In the spring of 1994, when I drafted the legislation creating this Commission, the Intelligence Community was "under siege" from certain Members of Congress and others in the wake of the Aldrich Ames spy case and the revelations surrounding the NRO Headquarters controversy. Members of Congress were advocating "slash and burn" of the intelligence budget. One even proposed the abolition of the CIA, preferring to merge its functions into other government agencies. It was clear that a "cooling off" period was essential. Time was needed to ensure that our vital intelligence capabilities were not sacrificed as an overreaction to the problems-though very serious-of the day.
My goal in initiating this Commission, and that of other Members of the Senate Intelligence Committee who joined me in this effort, was to provide for a thorough, deliberative, and non-partisan evaluation of the Intelligence Community. Long overdue was an examination of the roles, missions and capabilities of U.S. intelligence agencies in the post-Cold War era. I envisioned a non-partisan Commission, composed of highly qualified members from all sectors, united by a willingness to question the "status quo" and an unfettered desire to make recommendations-when needed-to provide for a more effective, efficient and well-focused intelligence capability for the United States.
A "well done" is owed to this Commission, for it met head-on, and responsibly, the challenges raised by the Congress.
The recommendations contained in this report deserve consideration by the President, the leadership of the Congress, all affected Executive Branch departments and agencies, and, of course, the relevant congressional committees.
While I support the vast majority of the report's recommendations, I must voice my opposition to that recommendation which proposes "new legislative authority to permit 'right-sizing' of certain intelligence agencies" (see Chapter 9). This authority to involuntarily separate certain members of the Intelligence Community workforce would be granted not to achieve "down-sizing" goals-for those goals are already being met. Instead, this recommendation is put forth as a way to "right-size" intelligence agencies-to change the skill mix of the workforce. In my view, this is not an appropriate way to treat loyal and dedicated employees, many of whom perform their duties with a daily measure of personal risk.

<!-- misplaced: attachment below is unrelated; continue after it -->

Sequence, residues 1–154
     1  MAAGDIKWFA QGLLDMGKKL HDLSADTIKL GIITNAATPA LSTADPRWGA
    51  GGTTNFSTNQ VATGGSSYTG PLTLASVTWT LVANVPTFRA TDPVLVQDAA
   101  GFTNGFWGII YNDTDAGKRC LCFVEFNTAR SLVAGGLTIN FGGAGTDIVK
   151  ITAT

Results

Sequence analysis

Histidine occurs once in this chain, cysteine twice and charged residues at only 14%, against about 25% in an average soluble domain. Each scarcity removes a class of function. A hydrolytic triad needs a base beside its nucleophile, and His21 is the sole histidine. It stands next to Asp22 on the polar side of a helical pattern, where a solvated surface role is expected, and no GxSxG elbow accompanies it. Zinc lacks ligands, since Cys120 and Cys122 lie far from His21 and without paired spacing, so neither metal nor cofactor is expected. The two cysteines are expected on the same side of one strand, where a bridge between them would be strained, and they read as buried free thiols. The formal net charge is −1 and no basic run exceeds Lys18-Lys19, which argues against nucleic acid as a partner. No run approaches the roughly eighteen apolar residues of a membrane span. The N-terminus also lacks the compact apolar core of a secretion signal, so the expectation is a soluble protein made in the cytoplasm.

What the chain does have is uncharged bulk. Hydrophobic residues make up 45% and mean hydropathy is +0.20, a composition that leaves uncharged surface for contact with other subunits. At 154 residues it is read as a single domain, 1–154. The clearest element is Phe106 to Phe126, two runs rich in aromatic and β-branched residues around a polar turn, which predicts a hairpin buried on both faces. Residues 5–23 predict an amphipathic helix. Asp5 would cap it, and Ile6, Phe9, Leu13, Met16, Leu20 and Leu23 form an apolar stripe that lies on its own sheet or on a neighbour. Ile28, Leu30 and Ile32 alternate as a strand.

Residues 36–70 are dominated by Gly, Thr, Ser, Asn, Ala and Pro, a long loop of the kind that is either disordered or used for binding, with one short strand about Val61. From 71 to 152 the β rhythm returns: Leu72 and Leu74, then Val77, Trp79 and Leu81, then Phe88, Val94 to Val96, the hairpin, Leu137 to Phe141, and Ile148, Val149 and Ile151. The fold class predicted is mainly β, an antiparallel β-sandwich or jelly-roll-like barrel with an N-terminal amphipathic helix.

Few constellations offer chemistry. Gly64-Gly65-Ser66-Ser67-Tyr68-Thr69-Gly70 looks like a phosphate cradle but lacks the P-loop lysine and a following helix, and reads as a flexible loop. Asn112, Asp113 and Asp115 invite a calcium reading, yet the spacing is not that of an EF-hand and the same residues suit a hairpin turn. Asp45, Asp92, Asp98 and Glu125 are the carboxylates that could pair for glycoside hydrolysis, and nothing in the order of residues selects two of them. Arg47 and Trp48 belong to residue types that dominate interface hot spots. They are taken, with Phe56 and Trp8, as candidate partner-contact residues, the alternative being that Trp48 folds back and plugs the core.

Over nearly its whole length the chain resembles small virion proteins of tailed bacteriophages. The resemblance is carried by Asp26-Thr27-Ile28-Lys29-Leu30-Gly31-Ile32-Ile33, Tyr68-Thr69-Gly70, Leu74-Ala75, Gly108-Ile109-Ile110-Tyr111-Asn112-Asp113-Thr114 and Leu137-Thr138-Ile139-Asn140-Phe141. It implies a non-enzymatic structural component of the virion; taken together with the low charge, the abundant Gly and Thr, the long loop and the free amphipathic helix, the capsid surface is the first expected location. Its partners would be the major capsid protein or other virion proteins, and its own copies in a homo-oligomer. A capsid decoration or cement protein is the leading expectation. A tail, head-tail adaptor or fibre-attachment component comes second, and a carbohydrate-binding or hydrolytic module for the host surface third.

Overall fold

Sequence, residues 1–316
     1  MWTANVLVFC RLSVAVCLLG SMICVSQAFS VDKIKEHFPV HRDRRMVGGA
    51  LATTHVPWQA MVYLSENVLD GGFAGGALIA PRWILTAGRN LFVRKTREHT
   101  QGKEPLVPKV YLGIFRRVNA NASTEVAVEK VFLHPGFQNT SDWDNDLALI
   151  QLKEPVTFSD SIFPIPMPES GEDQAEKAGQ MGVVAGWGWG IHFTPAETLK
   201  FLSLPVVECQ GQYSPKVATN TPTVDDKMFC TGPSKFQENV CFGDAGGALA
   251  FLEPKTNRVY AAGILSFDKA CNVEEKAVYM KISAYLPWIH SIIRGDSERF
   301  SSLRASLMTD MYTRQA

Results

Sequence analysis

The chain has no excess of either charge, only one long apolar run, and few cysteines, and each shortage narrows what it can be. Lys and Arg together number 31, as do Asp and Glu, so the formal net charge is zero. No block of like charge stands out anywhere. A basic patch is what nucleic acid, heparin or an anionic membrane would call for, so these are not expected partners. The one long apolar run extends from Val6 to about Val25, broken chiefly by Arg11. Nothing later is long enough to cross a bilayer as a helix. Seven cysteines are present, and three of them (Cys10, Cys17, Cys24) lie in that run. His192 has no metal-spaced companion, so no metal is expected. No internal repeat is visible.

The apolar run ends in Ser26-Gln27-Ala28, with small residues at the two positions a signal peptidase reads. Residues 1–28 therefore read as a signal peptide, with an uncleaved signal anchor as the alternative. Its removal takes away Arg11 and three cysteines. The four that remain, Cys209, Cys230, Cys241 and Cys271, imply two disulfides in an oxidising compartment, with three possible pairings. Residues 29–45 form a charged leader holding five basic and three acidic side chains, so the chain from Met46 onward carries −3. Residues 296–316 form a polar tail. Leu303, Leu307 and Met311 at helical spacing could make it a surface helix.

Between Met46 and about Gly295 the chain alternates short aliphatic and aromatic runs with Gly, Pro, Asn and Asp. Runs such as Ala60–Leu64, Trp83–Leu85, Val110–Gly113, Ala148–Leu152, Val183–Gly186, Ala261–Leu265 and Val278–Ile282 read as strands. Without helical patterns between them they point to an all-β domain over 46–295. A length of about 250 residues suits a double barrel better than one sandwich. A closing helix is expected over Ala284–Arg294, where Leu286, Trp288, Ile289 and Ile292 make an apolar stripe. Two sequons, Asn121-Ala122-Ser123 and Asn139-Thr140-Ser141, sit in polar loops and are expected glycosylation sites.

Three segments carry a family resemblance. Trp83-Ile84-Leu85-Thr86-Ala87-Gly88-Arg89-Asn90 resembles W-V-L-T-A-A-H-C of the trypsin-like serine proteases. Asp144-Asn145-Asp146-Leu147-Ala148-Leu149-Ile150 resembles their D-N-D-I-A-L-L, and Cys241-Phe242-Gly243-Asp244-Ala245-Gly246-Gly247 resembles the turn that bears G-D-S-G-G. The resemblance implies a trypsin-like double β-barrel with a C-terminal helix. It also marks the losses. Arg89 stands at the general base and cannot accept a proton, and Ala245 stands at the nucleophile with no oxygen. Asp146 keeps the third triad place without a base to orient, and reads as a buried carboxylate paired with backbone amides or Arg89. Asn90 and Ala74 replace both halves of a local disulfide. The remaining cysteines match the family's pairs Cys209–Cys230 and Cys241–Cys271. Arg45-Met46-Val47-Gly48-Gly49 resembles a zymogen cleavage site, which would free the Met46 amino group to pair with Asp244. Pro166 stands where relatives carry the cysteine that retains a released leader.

As a Member of this Commission and a Member of Congress, I will oppose any legislative proposal which provides for involuntary reductions-in-force which are not required to meet overall "down-sizing" goals. Why should such extraordinary authority be given to the Director of Central Intelligence and the Secretary of Defense when it has not been granted to other government departments or agencies during this period of down-sizing the Federal Government?
The civilian personnel workforce of the Intelligence Community has already been subjected to large-scale reductions in recent years. In 1992, the Congress mandated a reduction of 17.5 percent in Intelligence Community civilian personnel, to be achieved by the end of Fiscal Year 1997. The Executive Branch subsequently extended this approximately three percent per year reduction to Fiscal Year 1999, which will result in a 23 percent cut to Intelligence Community civilian personnel as compared to the Fiscal Year 1991 baseline.
The personnel reductions already scheduled for the Intelligence Community are almost twice that recommended by the National Performance Review as the target for government-wide reductions in civilian personnel. That Review recommended a reduction of 12 percent, to be achieved by the end of Fiscal Year 1999.
Given the large cuts in personnel already taking place at intelligence agencies, I believe it is unfair to now subject this segment of the federal workforce to yet another reduction-this one potentially drastic, arbitrary and involuntary.
A more equitable way to achieve the restructuring recommended in the Commission report is to provide for additional "early outs" and "buy outs" targeted at particular job skills, much as is being utilized in other government agencies. With the exception of involuntary reductions because of poor performance, "right-sizing" of the Intelligence Community should be accomplished only through voluntary reductions. In addition, in order to achieve the desired skill mix required by our changing intelligence needs, employees should be provided with increased educational and training opportunities to enable them to better serve their agencies.
Although this might not be the most expeditious way to achieve the desired result, it is the one which most closely keeps faith with the people who have served this nation so admirably, and it will go a long way to ensuring a supply of talented and dedicated personnel in the future. We should remember that high morale has a direct correlation to high productivity and a willingness to accept personal risk.
Sound intelligence is the very foundation of our national security. As the report correctly states, "People remain the Intelligence Community's most vital resource." We should not squander that resource.